Railroad Earth at B Chord Brewing May 22 2021
Review by Andrea Flohn Photos by Mark Raker
This past weekend, Railroad Earth returned to the stage at Round Hill Virginia’s B Chord Brewing Company for a three-night run. The band performed their first shows at B Chord back in October of 2020 as part of the brewery’s ‘Jamdemic’ Series. Since then, the bluegrass venue has hosted several acts in 2021 such as Cabinet, Keller Williams and The Keels, and The Infamous Stringdusters.
Saturday’s portion of Railroad Earth’s run at B Chord was a true display of mastery by each member of the band. The deep jams explored by the band during a typical Saturday night show were brought to a new orchestral level at Round Hill. Fans were astounded by the performance, which consisted of two full sets with ten songs each. And, if the music wasn’t enough to keep the crowd happy the cloud coverage surely was, as temperatures remained close to the nineties over the weekend.
We chose to head over to B Chord a little sooner than the night prior so that we could snag a close spot to the stage this time. Rumor had it that there would be a spectacular light display during the Saturday night show, and we didn’t want to miss a thing. Just after six o’clock, the band started the party with “Lordy, Lordy” and “Old Dangerfield,” two songs that feature incredible playing by Tim Carbone on violin. Next, banjo player Mike Robinson ripped into a “Drag Him Down,” which was followed by some highly enthusiastic vocals from Todd Sheaffer and the band.
“Chains” and “Potter’s Field” slowed things down a bit, allowing the crowd to sway and go on a lyrical adventure. “Potter’s Field” features crashing cymbals and rolling drumbeats from Carey Harmon paired with sweet dissonate melodies from John Skehan’s mandolin. A few highlights from set one include “Lonecroft Farewell” and a fifteen-minute “12 Wolves” jam.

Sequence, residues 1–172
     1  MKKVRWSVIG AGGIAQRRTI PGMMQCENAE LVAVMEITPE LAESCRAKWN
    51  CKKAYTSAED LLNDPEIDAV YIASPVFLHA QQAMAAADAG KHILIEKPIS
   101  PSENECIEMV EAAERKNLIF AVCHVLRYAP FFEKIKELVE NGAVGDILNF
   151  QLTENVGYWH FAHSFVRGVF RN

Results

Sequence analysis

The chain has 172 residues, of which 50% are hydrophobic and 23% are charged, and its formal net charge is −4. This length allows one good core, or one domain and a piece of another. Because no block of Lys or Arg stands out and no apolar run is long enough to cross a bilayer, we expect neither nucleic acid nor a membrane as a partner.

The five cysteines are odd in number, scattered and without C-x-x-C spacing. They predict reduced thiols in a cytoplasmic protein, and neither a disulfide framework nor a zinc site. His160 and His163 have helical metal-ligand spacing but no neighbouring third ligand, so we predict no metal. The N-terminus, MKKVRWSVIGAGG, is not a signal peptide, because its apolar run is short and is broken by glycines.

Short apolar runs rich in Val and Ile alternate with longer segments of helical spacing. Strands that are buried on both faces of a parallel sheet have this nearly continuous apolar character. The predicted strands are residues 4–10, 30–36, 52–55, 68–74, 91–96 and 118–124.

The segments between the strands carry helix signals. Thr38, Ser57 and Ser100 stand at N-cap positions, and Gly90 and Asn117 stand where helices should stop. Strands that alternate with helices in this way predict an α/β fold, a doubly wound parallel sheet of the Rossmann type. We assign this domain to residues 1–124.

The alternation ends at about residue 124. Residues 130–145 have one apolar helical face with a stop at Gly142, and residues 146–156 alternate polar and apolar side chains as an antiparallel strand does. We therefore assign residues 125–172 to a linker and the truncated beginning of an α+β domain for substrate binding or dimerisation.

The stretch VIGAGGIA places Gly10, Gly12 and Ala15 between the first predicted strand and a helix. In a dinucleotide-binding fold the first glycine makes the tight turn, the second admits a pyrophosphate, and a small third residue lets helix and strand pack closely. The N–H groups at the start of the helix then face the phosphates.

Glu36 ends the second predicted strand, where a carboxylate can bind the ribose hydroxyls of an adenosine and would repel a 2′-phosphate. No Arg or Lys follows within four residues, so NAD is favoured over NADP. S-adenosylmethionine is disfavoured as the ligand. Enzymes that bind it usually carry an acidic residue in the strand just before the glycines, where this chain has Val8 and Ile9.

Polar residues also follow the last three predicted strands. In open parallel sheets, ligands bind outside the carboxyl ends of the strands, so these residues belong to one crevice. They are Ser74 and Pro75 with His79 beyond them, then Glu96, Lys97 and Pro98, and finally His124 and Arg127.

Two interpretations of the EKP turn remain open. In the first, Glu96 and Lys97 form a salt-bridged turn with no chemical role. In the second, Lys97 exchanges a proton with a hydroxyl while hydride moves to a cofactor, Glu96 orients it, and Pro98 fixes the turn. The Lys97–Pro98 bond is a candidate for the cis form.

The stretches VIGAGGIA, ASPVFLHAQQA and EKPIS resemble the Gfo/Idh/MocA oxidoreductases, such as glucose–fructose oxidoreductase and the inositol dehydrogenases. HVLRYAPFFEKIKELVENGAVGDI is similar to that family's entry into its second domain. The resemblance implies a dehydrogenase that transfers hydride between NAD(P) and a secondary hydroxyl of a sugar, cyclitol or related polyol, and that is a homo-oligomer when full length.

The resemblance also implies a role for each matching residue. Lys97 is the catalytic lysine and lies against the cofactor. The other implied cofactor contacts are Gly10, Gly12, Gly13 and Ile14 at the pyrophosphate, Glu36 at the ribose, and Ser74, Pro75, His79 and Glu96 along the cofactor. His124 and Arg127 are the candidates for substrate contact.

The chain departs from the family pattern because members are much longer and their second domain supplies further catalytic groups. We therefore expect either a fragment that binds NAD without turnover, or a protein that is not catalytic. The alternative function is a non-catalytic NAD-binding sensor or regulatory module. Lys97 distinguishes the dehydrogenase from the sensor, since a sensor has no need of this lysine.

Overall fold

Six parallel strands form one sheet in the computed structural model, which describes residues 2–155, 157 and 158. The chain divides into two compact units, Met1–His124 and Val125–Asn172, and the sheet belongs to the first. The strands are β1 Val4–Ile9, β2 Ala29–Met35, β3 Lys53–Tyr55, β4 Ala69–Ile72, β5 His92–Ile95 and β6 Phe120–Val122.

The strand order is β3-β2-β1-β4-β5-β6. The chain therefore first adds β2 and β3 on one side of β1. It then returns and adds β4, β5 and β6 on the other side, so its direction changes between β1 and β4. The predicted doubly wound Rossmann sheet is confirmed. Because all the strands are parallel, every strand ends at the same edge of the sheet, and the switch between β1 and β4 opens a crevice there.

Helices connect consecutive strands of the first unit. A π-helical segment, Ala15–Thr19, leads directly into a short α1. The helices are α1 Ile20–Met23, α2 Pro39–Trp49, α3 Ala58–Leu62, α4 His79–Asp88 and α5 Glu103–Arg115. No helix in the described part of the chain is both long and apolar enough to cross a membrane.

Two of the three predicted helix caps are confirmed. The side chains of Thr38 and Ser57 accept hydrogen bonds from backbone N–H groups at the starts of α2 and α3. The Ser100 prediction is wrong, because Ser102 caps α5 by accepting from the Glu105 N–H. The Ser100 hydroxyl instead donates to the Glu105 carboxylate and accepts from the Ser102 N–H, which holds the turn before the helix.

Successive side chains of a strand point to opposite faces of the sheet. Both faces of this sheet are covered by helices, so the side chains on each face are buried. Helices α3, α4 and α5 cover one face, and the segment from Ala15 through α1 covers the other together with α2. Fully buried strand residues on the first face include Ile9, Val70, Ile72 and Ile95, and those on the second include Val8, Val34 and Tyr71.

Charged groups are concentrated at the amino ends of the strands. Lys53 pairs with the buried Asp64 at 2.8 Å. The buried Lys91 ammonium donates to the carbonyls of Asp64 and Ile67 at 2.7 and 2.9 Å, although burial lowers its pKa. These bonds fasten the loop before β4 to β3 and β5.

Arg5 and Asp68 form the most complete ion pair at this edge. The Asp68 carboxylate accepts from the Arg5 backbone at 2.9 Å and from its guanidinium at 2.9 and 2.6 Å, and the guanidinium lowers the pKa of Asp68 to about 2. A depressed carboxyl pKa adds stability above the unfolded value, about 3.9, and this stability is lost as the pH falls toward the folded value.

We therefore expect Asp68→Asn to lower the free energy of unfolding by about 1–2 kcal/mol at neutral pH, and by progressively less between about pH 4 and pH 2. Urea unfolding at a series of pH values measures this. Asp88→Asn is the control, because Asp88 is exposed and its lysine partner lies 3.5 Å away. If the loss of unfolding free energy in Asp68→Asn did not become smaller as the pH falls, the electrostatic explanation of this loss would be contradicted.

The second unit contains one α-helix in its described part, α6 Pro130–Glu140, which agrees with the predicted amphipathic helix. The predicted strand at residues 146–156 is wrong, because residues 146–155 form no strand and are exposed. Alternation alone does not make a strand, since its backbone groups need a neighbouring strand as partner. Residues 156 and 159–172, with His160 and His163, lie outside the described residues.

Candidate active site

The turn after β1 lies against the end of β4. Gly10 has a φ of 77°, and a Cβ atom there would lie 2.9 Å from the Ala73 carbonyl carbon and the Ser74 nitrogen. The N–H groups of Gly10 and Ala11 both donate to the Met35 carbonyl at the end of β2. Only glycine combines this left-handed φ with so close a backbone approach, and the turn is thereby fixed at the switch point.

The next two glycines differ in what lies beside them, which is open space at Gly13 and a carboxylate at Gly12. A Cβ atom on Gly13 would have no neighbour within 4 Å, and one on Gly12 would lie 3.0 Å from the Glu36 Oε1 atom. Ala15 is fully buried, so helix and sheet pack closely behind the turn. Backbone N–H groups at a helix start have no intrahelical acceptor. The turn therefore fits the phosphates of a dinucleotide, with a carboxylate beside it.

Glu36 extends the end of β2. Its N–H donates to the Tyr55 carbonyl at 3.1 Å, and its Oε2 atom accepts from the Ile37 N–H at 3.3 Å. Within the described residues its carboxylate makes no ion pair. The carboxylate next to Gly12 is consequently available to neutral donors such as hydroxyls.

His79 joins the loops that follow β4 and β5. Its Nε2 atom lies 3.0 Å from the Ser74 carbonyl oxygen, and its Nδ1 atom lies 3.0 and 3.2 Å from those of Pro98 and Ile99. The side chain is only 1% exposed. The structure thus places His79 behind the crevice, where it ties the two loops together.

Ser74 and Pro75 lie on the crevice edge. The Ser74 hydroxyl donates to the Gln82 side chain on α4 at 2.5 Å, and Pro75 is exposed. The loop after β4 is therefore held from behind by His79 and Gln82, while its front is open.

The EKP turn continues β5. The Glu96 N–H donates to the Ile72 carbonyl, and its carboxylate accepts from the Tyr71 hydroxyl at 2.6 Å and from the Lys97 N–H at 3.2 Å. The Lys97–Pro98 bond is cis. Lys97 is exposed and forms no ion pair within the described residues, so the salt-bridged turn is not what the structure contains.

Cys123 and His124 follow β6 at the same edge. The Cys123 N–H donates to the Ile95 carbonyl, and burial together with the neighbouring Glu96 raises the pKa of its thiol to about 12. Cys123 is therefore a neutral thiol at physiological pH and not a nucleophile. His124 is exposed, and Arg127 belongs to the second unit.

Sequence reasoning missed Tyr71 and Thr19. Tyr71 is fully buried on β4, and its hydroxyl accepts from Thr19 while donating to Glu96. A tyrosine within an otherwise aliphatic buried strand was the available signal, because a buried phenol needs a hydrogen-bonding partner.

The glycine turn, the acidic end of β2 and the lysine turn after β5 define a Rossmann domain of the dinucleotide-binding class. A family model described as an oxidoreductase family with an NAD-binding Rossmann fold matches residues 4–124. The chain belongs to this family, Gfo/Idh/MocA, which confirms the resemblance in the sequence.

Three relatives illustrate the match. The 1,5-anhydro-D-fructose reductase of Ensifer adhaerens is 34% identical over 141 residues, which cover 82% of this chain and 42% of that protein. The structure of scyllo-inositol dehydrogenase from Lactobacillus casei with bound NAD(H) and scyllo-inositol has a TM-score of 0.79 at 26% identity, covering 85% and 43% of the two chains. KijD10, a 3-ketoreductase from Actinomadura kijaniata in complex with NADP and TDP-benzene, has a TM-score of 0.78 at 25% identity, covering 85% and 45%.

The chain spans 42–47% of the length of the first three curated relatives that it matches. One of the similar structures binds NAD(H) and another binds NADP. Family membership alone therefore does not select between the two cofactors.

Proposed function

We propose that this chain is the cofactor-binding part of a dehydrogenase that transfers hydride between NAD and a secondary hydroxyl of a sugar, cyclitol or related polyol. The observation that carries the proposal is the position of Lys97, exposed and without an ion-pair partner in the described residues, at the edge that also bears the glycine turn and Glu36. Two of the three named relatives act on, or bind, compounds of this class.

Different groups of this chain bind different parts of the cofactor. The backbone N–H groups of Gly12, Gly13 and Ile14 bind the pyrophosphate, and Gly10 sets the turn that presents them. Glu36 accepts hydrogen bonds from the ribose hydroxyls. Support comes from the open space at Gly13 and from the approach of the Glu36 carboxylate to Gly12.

Every fan moved their feet along while Matt Slocum on keys exchanged some fun interplay with Andrew Altman on electric guitar and Mike on banjo, and Andrew really carried it home with the vocals on this song. The band came to an abrupt halt, but Tim’s last note rings clear over the mountains. The band ended set one with “Dance Around Molly>Dandelion Wine,” which includes some fine mandolin playing by John. The band left the stage with their fans howling for more, but they promised to be back.
Set two started off with a fan favorite called, “Black Elk Speaks,” which was followed up by a rare treat: “Birds of America>Stillwater Getaway>The Cuckoo>Crossing The Gap.” I don’t think anyone in the crowd expected to hear these songs played back-to-back, nor do I think the band has ever played them with such finesse. I was personally delighted by Matt Slocum’s keyboard playing during the jam, which lasted most of set two. A few additional highlights from the second set were “Black Bear,” featuring strong lead vocals from Todd, as well as a special performance of “Jupiter and the 119”.
Set one ended with “Comes A Time,” but the band returned moments later with a special announcement and encore to follow. Lee Sullivan, a long time Railroad Earth fan, celebrated his 119th show that night, and the band had been made well aware. Before performing “Jupiter and the 119,” Todd said, “Well folks, what a pleasure thank you so much! There’s a fellow out there we wanna send this one out to. We’ve been informed it’s his…his 119th time joining us at a Railroad Earth concert!” The crowd went wild while Todd turned to the band and said, “So, a-one-two…” The band joined him in a chant saying, “THIS ONE’S FOR YOU LEE!”
The encore was doubled up with the always happy and upbeat, “Bringin’ My Baby Back Home’, which left the crowd excited and bouncing around the field even after the band had left the stage. We all turned to one another and wondered if what we had just experienced had been real, and it had! What was even more incredible was that we knew we’d be back quite soon the next day. We knew we wouldn’t want to miss this Sunday show!
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